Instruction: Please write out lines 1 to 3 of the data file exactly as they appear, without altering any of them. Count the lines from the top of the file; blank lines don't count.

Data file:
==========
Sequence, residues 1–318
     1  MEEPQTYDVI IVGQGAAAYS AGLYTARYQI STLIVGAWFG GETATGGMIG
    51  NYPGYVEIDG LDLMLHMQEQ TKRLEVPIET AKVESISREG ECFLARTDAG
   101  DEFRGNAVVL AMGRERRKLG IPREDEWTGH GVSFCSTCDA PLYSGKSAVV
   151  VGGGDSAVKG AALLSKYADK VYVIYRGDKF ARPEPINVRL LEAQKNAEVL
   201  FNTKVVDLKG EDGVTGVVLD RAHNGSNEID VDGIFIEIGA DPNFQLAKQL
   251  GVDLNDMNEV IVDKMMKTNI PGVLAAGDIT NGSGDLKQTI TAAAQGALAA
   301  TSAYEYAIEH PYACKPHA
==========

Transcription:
Sequence, residues 1–318
     1  MEEPQTYDVI IVGQGAAAYS AGLYTARYQI STLIVGAWFG GETATGGMIG
    51  NYPGYVEIDG LDLMLHMQEQ TKRLEVPIET AKVESISREG ECFLARTDAG